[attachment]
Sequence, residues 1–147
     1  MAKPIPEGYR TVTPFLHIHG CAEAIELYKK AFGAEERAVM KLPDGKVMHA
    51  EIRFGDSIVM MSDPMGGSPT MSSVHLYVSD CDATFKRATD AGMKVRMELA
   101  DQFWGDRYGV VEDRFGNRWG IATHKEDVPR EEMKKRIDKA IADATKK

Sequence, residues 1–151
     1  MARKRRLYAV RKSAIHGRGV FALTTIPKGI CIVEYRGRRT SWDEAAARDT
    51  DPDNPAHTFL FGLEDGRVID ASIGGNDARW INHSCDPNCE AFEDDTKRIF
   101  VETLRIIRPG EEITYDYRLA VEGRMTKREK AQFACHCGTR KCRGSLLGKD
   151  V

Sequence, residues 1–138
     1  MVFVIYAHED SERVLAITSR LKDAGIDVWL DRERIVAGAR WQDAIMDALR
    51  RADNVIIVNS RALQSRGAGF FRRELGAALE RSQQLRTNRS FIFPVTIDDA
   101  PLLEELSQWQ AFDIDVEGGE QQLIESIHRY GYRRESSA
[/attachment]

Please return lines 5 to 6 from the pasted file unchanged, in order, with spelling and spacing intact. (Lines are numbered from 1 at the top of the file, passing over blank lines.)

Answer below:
Sequence, residues 1–151
     1  MARKRRLYAV RKSAIHGRGV FALTTIPKGI CIVEYRGRRT SWDEAAARDT